Dalhousie plays key role in national aging study
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Researchers across the globe will be examining 75 year-old Elaine Tolley’s life for decades to come.
Tolley is among 1,400 Nova Scotians who participated in the Canadian Longitudinal Study on Aging (CLSA), which will gather data from people between the ages of 45 to 85 over the next 20 years.
“It’s great, it’s like one big check-up,” said Tolley at the CLSA open house on Morris Street Wednesday.
Tolley said she jumped at the chance after receiving a letter in the mail asking if she would participate in the study, led by researchers from Dalhousie, McGill and McMaster universities.
“It’s quite exciting, really,” Tolley said. “It’s a lovely study and I think we really should do everything we can to age graciously ... It’s such a hard process, aging.”
Dr. Susan Kirkland, co-principal investigator of the study and Dalhousie professor, said she was surprised by how interested the general public isin the research.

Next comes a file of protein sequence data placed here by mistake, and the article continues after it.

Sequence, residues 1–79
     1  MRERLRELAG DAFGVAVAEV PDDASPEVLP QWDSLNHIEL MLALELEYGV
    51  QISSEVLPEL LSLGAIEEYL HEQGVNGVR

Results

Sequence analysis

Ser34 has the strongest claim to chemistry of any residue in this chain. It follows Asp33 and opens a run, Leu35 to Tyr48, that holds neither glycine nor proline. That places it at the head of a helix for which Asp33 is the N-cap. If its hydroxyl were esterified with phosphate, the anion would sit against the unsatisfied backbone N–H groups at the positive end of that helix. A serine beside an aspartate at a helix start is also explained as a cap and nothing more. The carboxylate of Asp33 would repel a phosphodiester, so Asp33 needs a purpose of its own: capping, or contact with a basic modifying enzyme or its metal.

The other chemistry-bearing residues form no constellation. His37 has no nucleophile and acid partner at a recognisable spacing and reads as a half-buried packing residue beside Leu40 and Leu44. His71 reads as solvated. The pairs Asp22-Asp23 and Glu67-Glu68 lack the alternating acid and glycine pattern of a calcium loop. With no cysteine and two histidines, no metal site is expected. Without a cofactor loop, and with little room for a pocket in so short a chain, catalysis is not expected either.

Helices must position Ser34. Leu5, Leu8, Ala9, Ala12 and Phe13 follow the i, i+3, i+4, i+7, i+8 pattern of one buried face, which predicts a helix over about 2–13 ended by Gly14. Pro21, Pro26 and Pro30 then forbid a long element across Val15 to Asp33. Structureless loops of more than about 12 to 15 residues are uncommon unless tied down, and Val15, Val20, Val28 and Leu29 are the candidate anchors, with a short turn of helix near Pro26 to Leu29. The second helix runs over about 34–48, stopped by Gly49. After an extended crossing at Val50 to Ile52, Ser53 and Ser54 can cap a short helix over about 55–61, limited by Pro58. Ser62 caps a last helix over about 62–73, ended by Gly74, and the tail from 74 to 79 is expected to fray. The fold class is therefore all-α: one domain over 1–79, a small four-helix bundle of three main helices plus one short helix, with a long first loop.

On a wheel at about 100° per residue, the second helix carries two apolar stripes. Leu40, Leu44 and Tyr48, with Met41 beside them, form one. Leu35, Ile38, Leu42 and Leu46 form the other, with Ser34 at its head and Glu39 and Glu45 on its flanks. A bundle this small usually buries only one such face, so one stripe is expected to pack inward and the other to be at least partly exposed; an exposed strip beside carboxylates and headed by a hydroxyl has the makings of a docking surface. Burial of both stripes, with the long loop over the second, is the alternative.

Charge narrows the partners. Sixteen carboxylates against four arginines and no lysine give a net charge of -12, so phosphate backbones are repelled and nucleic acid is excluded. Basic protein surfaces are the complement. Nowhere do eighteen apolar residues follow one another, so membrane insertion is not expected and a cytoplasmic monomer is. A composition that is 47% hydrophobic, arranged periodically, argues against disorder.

“It really resonates with people, so it’s really rewarding to see that,” Kirkland said. “Aging is something we all do, and it’s not something you want to do poorly.”
Kirkland said the study is interesting because it focuses on healthy and successful ways to age, rather than disease and disability.
Halifax participants go through a three-hour session at the Dalhousie data collection site where tests on blood pressure, heart tracing, eyesight, bone density and other indicators are performed.
“They did cognitive tests which were really quite fun, it was like playing games,” Tolley said about an exercise where she had to watch for a time on the clock, then grab a container and sort out money.
Tolley will go through an interview and tests every three years, even if she moves from Halifax, said Kirkland.
Researchers can eventually use the information to study what affects how we age, why some stay healthy and others don’t, or identify new ways to prevent diseases and improve health services.
The study, which will take 20 years to complete, will involve 50,000 men and women and 160 researchers at 26 institutions across Canada.